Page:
Children's books

Writers' lives.

Children's authors often appear to have had more than their fair share of disturbed childhoods. That most English-seeming of writers P L Travers (creator of Mary Poppins) was born in Australia to an Irish father, who died when she was seven, and a Scottish mother, who three years later tried to drown herself.

According to Lively Oracle: a centennial celebration of P L Travers, edited by Dooling Draper and Jenny Koralek (Larson Publications pound;12.99), the young Pamela was at that moment huddled with her sisters under an eiderdown in front of the fire. As she was telling them a story about a small horse, her bedraggled mother returned. The nightmare was over, but Pamela was never to forget the power of story.

Other contributors discuss her disapproval of the film that more than anything else still keeps the name of Mary Poppins alive today. For Pamela, however, Julie Andrews was far too pretty for plain Mary, herself based on that plainest of toys, a Dutch doll. And no, the real Mary would never have displayed all that underwear when dancing a can-can on the rooftops.

The book ends with three essays by Pamela herself, each one erudite, wise and beautifully written. Readers who may find it difficult to follow her later enthusiasm for Zen will still find much to enjoy in this affectionately edited volume.

Apart from his initials, author and artist Mervyn Peake was as far from Mary Poppins as is possible. He was born in China, and his claustrophobic masterpiece Gormenghast drew on memories of life within a walled city with great gates that closed at sunset. Peake's father sometimes used to escape at night down a 100ft rope, a ruse Peake's character Steerpike also used to get away from the crazed castle.

More mundane influnces on his writing, such as the masters' common room at Eltham college, with its anthracite fire and rows of shiny, greenish gowns hanging from the wall, are duly tracked down and dryly recounted in Vast Alchemies: the life and work of Mervyn Peake by G Peter Winnington, editor of The Mervyn Peake Review and Peake Studies (Peter Owen pound;18.95). Because of a falling-out with the Peake estate, virtually none of the original mesmeric illustrations are included - a sad loss.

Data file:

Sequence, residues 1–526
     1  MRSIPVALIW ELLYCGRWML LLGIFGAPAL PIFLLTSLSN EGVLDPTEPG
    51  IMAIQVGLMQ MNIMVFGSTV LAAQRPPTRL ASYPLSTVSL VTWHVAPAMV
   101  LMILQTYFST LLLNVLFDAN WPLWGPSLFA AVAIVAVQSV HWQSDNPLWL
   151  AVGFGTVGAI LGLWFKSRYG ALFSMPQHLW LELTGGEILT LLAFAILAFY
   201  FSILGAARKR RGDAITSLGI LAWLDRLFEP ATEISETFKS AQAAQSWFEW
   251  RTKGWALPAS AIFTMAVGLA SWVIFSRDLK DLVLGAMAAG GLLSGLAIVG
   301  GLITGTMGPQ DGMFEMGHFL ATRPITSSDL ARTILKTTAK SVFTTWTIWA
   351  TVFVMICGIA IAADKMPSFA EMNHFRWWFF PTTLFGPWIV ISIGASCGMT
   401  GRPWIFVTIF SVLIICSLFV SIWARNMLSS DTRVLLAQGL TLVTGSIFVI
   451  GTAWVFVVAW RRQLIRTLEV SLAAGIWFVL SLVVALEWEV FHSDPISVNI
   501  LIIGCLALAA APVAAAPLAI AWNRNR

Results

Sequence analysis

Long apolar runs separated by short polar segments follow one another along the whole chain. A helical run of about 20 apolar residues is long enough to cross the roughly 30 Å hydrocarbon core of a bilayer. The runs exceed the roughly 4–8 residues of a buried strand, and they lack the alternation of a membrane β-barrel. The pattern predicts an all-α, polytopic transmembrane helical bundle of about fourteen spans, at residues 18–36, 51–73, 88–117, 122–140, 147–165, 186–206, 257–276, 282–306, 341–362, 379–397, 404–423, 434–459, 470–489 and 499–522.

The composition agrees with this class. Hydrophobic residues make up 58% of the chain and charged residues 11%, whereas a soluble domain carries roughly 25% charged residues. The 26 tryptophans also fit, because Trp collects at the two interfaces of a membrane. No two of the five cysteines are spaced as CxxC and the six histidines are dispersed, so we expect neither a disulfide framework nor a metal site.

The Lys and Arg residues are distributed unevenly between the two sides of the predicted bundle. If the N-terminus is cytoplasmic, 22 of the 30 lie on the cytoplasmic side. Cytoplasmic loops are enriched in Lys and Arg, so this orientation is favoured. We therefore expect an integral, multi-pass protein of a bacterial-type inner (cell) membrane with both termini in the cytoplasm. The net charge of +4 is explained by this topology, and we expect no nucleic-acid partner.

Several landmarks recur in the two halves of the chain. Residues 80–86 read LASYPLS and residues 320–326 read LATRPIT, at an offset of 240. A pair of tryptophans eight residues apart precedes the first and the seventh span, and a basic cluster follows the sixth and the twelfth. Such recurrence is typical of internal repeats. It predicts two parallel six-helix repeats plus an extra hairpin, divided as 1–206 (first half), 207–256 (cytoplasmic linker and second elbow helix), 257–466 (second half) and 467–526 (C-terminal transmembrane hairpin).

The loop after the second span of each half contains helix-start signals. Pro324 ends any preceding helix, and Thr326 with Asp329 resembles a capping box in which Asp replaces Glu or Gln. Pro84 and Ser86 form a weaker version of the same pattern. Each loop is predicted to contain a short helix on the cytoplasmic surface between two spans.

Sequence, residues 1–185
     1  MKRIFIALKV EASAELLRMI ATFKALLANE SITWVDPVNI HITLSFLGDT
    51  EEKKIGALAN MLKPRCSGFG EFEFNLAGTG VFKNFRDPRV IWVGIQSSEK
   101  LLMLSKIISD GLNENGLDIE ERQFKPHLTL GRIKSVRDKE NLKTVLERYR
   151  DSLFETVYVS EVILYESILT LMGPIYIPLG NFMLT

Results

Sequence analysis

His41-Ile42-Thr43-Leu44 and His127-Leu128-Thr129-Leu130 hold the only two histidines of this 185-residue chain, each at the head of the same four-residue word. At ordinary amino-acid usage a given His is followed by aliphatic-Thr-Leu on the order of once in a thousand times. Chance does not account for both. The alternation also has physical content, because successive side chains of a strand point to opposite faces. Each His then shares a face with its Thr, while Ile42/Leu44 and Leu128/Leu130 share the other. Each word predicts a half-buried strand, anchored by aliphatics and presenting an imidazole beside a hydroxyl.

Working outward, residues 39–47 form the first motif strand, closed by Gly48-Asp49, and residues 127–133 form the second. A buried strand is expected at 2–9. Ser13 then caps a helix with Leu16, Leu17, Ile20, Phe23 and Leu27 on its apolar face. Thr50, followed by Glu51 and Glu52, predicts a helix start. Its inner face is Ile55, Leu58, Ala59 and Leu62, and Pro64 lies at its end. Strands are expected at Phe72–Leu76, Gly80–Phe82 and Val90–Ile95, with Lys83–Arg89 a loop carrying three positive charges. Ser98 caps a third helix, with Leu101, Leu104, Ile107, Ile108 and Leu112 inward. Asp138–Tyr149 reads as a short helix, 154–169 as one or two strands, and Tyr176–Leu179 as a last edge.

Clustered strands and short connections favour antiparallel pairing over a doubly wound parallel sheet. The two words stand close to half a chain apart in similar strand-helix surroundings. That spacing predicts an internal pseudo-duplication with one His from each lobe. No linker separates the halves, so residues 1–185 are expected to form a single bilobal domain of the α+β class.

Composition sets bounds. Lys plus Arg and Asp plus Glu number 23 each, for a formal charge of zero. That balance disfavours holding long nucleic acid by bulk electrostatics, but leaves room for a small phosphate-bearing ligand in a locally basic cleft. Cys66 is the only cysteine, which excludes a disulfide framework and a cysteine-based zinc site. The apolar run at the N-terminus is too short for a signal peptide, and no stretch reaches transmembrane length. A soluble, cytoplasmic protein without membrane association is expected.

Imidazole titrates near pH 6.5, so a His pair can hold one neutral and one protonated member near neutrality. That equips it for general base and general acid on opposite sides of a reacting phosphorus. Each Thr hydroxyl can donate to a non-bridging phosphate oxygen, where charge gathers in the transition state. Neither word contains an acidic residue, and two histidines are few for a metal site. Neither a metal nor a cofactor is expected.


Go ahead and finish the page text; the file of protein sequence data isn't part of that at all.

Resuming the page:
There is no shortage of pictures in David Day's Tolkien's Ring (Pavilion pound;14.99), massively illustrated throughout by Alan Lee, now working as conceptual designer for the three-part film version of The Lord of the Rings, the first section of which is due out next year. The author traces the various influences upon Tolkien, from Norse mythology to Wagner's Ring cycle, each saga brought to life by Lee's moody, swirling pictures, high on atmosphere if, like Tolkien himself, sometimes a little short in humour. But David Day is no uncritical worshipper at the shrine of Gandalf - he writes lucidly throughout, particularly about the final moments of the trilogy in which Frodo discovers that evil in itself can never succeed in defeating other evil. This potentially pacifist message was widely taken up in the 1960s, for example (on their own admission) by those involved with the maiden Greenpeace voyage attempting to stop American nuclear testing on Amchitka island in Alaska.

Whether Tolkien also succeeded in providing his beloved England with a ready-made mythology to rival those legends owned by its Celtic neighbours seems much less likely. But his was still a mighty achievement, effectively described and celebrated in this lavish, handsomely presented volume.


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